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CASE REPORT
West Nile encephalitis mimicking neuropsychiatric lupus in a patient with systemic lupus erythematosus
  1. Neena R Iyer1,
  2. W Joseph McCune2 and
  3. Beth I Wallace2,3
  1. 1 Department of Internal Medicine, University of Michigan Medical School, Ann Arbor, Michigan, USA
  2. 2 Department of Internal Medicine, Division of Rheumatology, University of Michigan Medical School, Ann Arbor, Michigan, USA
  3. 3 Center for Clinical Management Research, VA Ann Arbor Healthcare System, Ann Arbor, Michigan, USA
  1. Correspondence to Dr Beth I Wallace, brennerb{at}med.umich.edu

Abstract

A man in his 70s with known systemic lupus erythematosus (SLE) was admitted with confusion, worsening proteinuria and cutaneous vasculitis despite adherence to his home immunosuppressive regimen. Admission laboratories were consistent with active lupus. Despite treatment with pulse–dose glucocorticoids and intravenous immunoglobulin, he developed worsening mental status and meningeal signs. Investigations revealed cerebrospinal fluid (CSF) neutrophilic and plasmacytic pleocytosis and negative cultures. Empiric treatment for SLE flare with potential neuropsychiatric involvement was continued while workup for altered mental status was ongoing. Ultimately, West Nile encephalitis was diagnosed by CSF serologies, and steroids were tapered. Altered mental status in a patient with SLE has a broad differential, and primary neuropsychiatric SLE should be considered only after exclusion of secondary causes. Although evidence of end-organ SLE activity usually lends support to a neuropsychiatric SLE diagnosis, in this case, serological and clinical evidence of SLE activity may have been triggered by acute viral infection.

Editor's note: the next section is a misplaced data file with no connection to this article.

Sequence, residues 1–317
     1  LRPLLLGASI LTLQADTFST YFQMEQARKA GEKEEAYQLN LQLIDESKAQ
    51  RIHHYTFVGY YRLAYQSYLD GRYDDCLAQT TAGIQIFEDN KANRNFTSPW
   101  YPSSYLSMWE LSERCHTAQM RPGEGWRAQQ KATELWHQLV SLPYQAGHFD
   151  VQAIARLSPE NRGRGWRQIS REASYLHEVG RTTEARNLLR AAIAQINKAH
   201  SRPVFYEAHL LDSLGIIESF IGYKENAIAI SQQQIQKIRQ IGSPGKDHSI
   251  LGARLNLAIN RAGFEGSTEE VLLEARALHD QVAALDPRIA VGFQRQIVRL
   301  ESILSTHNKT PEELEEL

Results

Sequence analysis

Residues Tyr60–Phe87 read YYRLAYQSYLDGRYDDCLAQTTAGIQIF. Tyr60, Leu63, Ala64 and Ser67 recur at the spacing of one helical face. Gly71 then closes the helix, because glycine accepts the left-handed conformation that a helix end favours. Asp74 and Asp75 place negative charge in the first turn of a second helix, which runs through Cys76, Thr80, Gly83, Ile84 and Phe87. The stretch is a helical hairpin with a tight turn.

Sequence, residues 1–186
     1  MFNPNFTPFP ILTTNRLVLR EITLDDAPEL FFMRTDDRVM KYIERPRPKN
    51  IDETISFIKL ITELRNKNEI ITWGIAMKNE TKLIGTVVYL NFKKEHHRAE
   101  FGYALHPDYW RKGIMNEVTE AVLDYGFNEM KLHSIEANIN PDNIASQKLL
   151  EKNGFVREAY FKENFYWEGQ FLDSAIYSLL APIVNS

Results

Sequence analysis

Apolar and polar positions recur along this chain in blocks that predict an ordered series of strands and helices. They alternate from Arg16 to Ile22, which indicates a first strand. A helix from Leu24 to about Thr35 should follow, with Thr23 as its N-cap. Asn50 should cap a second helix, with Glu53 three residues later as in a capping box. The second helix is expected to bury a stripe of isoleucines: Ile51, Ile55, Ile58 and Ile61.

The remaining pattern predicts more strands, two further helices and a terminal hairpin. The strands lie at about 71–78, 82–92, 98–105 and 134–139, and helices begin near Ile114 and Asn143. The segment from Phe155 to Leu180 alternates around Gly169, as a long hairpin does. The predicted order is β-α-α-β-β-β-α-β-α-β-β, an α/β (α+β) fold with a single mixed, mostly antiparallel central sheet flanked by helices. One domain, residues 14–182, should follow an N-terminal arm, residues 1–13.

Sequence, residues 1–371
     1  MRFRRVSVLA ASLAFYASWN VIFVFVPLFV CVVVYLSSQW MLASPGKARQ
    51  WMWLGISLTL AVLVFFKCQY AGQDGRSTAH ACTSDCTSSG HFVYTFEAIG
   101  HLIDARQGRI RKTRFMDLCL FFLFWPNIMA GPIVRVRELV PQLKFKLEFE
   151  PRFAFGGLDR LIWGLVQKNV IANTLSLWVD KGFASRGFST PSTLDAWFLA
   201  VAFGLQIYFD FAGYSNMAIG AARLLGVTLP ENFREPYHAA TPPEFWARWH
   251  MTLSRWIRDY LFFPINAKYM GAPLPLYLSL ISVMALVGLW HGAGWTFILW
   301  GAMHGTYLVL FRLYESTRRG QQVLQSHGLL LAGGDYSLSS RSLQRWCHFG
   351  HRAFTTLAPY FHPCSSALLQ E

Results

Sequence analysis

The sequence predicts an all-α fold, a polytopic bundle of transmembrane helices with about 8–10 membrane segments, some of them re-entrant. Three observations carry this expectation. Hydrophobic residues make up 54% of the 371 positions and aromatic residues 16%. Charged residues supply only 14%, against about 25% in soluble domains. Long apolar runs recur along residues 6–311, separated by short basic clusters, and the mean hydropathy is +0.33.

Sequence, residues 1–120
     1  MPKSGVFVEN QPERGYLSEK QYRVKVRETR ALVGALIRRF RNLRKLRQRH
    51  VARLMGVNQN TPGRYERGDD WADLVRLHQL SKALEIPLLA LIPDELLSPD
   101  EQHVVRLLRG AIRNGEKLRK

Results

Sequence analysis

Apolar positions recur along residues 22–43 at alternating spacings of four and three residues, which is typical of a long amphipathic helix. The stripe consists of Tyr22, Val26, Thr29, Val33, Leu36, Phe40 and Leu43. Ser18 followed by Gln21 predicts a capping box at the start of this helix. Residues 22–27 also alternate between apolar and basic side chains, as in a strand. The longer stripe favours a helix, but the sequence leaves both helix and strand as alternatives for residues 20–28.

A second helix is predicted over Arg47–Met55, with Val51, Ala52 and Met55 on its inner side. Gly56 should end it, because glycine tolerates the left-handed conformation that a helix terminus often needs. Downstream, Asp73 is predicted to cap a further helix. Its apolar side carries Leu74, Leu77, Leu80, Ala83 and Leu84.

• immunology
  • infectious diseases
  • systemic lupus erythematosus
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Footnotes

  • Contributors NRI and BIW contributed to the manuscript concept, design, writing and revision. WJM contributed to writing and revision.

  • Funding The authors have not declared a specific grant for this research from any funding agency in the public, commercial or not-for-profit sectors.

  • Competing interests None declared.

  • Provenance and peer review Not commissioned; externally peer reviewed.

  • Patient consent for publication Next of kin consent obtained.

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